TIFF Review: ‘The Front Runner’ is an Engaging Political Drama

A well made political drama is easy to like. Politics, in itself, is so unpredictable that you don’t need to make up fictional stories around it. As they say, truth is sometimes stranger than fiction. That’s completely true in case of political stories. One such political story happened in 1988. Senator Gary Hart had captured the imagination of young voters and was considered the overwhelming front-runner for the 1988 Democratic presidential nomination. But within a span of three weeks his he had to shelve his campaign due to his extramarital relationship with a young woman. The events left a profound and lasting impact on American politics and media.

Jason Reitman had a superb beginning to his film career. His first three directed films — Thanks For Smoking, Juno and Up in the Air — garnered immense praise from audiences and critics alike. And then his career got sort of derailed. His last three films – Labor Day, Men Woman and Children, Tully – fared poorly. But with The Front Runner he is back into the game. Not only this is among his best films, but also a film that truly captures the zeitgeist.

The Frontrunner will remind you of several films of the past — from All The President’s Men to the recent The Post. At its crux, it is a film that deals with the conflict between politics and media. In that sense, with everything that is going on between Trump and leading media outlets, The Front Runner couldn’t have arrived at a better time. I think it is a film that will undoubtedly evoke debates on the relationship between politicians and journalists.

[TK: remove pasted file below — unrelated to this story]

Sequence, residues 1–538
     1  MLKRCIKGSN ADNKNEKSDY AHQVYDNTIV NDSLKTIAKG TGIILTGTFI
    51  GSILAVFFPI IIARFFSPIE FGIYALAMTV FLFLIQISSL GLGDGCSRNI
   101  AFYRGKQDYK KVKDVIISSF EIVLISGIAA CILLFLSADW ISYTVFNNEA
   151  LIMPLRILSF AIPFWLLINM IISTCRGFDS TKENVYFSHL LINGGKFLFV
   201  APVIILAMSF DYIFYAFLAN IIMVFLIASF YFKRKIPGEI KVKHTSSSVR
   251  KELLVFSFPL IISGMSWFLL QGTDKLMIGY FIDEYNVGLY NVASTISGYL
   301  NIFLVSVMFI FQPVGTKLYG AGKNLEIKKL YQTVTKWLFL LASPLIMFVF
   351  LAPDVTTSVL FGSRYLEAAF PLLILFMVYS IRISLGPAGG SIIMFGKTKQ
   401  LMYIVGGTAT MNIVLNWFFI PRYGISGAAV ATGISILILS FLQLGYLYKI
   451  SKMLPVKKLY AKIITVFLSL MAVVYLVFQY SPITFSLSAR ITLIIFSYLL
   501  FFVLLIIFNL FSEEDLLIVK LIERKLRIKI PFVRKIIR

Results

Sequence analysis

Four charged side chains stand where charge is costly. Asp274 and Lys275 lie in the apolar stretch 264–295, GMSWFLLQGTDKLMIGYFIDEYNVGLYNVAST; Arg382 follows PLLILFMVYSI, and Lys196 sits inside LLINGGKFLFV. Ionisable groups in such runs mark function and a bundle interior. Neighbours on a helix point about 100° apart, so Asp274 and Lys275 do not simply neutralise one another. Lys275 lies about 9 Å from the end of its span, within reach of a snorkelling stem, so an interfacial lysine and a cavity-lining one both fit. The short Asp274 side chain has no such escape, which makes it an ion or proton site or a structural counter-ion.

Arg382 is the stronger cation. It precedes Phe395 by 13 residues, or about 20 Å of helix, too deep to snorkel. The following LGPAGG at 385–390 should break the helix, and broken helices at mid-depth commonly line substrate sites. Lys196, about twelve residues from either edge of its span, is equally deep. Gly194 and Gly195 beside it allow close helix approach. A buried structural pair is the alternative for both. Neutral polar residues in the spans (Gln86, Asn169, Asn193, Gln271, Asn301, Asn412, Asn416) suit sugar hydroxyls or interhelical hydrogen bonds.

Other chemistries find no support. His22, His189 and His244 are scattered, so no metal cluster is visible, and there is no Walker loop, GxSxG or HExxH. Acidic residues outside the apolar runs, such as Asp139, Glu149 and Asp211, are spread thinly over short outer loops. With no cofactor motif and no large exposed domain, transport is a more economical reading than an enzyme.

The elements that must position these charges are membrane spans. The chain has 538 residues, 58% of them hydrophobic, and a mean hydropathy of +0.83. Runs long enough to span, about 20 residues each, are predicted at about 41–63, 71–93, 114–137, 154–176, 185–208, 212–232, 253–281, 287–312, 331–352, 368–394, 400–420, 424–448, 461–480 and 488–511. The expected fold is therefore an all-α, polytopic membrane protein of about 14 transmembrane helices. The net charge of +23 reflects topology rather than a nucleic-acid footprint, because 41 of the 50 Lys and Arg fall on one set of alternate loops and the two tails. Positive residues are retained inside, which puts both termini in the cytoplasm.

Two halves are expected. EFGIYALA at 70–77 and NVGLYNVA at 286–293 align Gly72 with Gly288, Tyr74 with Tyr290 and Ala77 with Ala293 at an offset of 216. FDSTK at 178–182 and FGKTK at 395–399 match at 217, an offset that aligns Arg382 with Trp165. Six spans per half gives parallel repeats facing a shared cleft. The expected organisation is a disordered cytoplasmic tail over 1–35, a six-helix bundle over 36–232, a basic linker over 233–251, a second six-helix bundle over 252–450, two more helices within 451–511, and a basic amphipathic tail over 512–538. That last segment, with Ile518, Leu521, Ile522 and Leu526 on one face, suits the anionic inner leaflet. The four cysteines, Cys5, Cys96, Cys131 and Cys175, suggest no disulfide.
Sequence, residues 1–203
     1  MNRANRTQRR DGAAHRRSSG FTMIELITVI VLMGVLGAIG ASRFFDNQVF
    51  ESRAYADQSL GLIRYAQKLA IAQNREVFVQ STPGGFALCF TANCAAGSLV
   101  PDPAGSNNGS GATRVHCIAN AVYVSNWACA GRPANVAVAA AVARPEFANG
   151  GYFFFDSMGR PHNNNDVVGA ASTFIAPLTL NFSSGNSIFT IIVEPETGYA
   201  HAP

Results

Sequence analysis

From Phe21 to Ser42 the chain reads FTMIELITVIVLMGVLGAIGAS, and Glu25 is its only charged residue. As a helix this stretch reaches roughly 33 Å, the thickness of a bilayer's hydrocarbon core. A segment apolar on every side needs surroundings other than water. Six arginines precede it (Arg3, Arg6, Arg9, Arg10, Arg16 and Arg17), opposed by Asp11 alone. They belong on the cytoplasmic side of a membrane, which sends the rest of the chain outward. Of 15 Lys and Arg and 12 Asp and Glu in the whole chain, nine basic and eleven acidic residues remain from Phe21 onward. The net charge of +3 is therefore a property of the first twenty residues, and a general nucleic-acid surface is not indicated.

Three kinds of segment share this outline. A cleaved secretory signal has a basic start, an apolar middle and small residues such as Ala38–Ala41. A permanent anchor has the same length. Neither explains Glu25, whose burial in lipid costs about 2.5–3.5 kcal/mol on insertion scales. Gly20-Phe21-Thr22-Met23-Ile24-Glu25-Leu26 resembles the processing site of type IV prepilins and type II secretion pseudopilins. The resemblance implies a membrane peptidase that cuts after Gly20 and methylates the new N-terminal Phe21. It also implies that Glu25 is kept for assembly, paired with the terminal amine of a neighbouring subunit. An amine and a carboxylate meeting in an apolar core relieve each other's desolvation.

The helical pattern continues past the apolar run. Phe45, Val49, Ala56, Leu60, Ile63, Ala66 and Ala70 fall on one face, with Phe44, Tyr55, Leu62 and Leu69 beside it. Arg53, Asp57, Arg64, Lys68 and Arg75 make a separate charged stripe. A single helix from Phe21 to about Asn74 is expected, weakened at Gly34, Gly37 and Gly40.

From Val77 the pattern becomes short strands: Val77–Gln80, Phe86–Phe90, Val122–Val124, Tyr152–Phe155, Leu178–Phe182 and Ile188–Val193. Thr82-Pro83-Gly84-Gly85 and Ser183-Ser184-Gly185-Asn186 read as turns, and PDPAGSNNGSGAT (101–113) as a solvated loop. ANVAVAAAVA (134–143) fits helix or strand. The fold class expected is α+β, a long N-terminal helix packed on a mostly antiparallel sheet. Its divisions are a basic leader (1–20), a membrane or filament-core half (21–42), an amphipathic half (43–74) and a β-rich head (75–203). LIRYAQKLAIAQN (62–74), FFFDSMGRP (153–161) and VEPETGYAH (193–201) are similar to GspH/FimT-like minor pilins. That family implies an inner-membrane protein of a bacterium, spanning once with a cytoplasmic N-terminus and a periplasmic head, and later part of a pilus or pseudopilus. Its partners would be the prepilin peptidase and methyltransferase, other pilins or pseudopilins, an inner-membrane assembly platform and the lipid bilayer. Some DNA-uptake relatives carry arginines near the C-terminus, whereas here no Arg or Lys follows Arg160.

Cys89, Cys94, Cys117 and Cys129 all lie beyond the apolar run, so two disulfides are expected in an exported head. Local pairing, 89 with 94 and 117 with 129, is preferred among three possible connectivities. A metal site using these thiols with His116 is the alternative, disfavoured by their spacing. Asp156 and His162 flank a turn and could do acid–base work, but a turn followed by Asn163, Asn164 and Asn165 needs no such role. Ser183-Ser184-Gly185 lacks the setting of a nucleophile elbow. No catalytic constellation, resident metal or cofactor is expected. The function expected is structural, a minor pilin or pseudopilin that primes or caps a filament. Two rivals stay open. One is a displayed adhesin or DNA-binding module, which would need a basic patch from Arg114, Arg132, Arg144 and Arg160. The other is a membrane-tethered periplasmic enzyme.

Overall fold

One of the other more interesting aspects of the film is that Reitman chooses to make both sides of the argument. The film doesn’t absolve Hart — even though it is definitely a little sympathetic towards him — but then it also holds a mirror to the press. In the same breath, let me also point out, that the film does highlight the importance of freedom of the press — while questioning their infringement of the privacy of politicians.

Hugh Jackman’s portrayal of Gary Hart is commendable, to say the least. Don’t be surprised if he ends up getting nominated for Best Actor Oscar. He surely deserves it. Other cast members, including Vera Farmiga and J.K. Simmons, are good too.

Overall, there is nothing to not like about The Front Runner. It is one of those films that may not evoke passionate support, but will surely be admired and respected by all. Whether that will be enough for The Front Runner to be the frontrunner in the Oscar race, we will have to wait and see.

Rating: 4/5